Photo by Judy Wiley
Age, spot repairs leave asphalt streets requiring millions worth of repair work
An uneven maintenance schedule, inadequate budget and rapid growth have left Colleyville losing the battle to keep up with cracks, bumps and crumbling edges on many major streets.
An analysis done for the city indicates that more than half the asphalt collector streets and arterials are in poor condition — in fact, it says that most of them need to be completely rebuilt.
The cost just to maintain the status quo, which would still leave some streets in bad shape: $2.7 million, city public works staff said. The city has $1.15 million budgeted now for contract street maintenance.
The City Council has called a special workshop for Jan. 29, to study infrastructure— roads as well as other needs — and look at a five-year plan.
“What we’re trying to do is try to start getting a handle on that, get a total assessment on where we’re at,” said Mayor David Kelly. “And then bit by bit start whittling away at this.”
Kelly said all cities have to do a balancing act between budget and needs.
“It’s always going to be a deteriorating asset,” he said.
The city has 283 lane miles of streets, and the pavement analysis done in February by Applied Research Associates, a national engineering company that specializes in pavement management, shows that the overall condition is good.
But that result is misleading, because so many concrete streets built in subdivisions over the last 20 years still are in good shape, says a city public works staff report.
The worst are former county roads that originally were built at least 30 years ago, said Bob Lowry, public works director.
The southern part of Heritage Avenue is an example. Many started out as dirt roads, were later covered in gravel and then eventually coated with asphalt.
The old roads were never designed to hold up under urban traffic and repeated pounding by heavy vehicles, such as garbage trucks.
Eventually, the unstable foundation led to cracks, dips, bumps and potholes.
Sometimes, old, worn pavement was simply covered over with a thin layer of asphalt, which didn’t hold up over time.
In other cases, maintenance work wasn’t done early on, which would have kept costs down and lengthened the roads’ lives.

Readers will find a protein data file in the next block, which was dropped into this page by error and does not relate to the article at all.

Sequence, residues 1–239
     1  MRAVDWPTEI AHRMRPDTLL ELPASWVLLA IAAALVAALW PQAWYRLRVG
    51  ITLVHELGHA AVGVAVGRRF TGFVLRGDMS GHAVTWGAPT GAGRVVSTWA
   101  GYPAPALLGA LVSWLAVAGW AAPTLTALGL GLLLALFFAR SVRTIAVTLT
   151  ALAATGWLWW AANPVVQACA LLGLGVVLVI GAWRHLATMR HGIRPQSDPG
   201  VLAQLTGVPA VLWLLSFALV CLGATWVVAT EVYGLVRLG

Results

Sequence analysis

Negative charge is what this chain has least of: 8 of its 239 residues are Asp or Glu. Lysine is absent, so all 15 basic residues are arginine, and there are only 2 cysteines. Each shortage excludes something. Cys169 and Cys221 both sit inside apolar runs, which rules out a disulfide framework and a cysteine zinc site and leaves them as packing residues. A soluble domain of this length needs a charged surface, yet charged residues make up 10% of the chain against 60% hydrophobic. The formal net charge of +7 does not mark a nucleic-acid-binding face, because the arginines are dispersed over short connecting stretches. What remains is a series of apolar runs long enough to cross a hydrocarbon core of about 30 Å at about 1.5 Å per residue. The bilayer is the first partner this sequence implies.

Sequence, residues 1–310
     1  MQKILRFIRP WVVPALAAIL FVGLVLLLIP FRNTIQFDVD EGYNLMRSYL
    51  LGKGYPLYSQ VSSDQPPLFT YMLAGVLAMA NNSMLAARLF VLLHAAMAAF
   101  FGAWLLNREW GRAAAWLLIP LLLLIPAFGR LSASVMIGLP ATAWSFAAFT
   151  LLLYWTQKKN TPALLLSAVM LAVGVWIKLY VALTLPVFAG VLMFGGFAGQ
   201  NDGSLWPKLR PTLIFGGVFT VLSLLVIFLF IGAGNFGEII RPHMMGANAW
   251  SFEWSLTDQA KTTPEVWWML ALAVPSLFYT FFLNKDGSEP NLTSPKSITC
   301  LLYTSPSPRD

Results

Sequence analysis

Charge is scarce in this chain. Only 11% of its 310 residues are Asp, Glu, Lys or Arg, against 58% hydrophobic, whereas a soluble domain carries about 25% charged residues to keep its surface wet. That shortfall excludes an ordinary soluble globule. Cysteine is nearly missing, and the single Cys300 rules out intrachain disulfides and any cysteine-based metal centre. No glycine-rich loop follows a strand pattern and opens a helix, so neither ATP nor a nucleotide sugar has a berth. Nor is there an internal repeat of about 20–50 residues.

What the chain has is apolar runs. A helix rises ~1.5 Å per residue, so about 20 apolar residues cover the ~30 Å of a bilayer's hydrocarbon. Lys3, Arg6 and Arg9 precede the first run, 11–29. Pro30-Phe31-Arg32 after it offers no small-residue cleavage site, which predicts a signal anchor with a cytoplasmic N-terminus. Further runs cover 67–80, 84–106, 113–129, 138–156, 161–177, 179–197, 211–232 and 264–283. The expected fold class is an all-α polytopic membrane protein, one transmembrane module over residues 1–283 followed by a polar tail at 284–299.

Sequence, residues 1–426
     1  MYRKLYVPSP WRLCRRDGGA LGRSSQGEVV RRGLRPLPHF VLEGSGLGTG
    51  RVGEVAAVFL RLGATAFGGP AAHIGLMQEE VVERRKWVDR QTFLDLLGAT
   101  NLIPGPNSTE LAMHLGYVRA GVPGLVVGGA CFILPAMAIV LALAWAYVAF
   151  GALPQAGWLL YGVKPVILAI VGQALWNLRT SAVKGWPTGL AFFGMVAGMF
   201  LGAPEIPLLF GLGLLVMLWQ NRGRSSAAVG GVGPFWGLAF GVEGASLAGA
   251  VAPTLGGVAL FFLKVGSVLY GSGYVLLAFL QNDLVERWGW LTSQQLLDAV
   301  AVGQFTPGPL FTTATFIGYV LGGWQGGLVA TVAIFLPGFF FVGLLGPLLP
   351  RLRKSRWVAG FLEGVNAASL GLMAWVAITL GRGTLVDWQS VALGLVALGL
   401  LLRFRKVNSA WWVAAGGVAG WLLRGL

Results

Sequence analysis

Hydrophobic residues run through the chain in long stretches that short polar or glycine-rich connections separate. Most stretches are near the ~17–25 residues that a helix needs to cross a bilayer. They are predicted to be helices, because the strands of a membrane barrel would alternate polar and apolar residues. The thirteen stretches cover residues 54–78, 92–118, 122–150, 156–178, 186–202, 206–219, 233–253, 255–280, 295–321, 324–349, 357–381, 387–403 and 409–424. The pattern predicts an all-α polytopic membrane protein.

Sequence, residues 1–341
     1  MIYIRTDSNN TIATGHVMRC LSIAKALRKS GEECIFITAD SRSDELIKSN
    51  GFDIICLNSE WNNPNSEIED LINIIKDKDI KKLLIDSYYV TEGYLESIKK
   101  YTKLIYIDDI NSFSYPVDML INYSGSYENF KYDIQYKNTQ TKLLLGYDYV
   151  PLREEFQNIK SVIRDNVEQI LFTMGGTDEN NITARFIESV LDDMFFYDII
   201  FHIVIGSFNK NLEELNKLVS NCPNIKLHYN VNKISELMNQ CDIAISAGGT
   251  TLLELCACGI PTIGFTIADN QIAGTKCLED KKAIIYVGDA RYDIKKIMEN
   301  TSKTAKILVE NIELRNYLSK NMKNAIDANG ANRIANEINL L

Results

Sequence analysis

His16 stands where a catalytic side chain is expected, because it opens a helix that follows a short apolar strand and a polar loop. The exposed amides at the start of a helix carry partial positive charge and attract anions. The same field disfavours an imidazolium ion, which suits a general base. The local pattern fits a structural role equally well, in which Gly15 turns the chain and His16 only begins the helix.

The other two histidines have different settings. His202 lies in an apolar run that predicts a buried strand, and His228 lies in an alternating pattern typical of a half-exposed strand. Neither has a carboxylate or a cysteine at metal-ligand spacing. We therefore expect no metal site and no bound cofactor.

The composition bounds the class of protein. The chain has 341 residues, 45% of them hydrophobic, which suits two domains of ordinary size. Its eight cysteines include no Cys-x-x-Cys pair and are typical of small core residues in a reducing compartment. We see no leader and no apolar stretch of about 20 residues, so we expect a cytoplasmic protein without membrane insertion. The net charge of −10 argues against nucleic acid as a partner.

“You’re dealing with limited budgets and amount of funds that can be put toward that purpose,” Kelly said. “Sometimes you have to make a decision to patch a road to make it serviceable.”
Once a street gets to the point of needing to be rebuilt, the cost is high — about $1 million per mile, Lowry said, compared to $200,000 per mile to resurface.
Lowry said the city is looking at the big picture.
“The bottom line,” he said, “is we’re trying to take a more comprehensive look at the city’s streets as a system.”
Kelly said that will allow the city to assess the need and “have a good plan to keep biting away at that need.”
In addition, the city has to look at what lies beneath the surface.
“We don’t want to go in and fix the street if the water and sewer lines need to be replaced,” Lowry said.
Another question confronting the council is what to do about the big bar ditches that line many of the streets.
Though the wide, grassy ditches contribute to the rural feel residents like in Colleyville, a photo in a presentation to the council shows some are deep enough to hold most of a small car, creating a hazard for motorists who can get stuck if they slip over crumbling asphalt edges and down a steep side.
Drainage, safety concerns and appearance all can be handled by putting a concrete pipe in the bottom of the ditch and burying it, Lowry said.
Looking ahead, standards also may need to change, according to a public works staff briefing for the council.
Narrower streets without deep bar ditches and a curb design that keeps pavement from breaking off at the edges of the ditches would be safer and less expensive than what the city Land Development Code calls for, according to the briefing.
The city approved a Street Capital Improvement Plan in 2008, and more than half of those projects have been completed.
But Lowry told the council recently the rest need to be re-evaluated, because priorities may change in light of the studies.
The council decided to call the special infrastructure workshop because the members have to consider so many issues both past and present before making decisions about something that everyone uses all the time.
“One of the things that really grates on citizens is when you say you’re going to do something and change your mind,” Kelly said.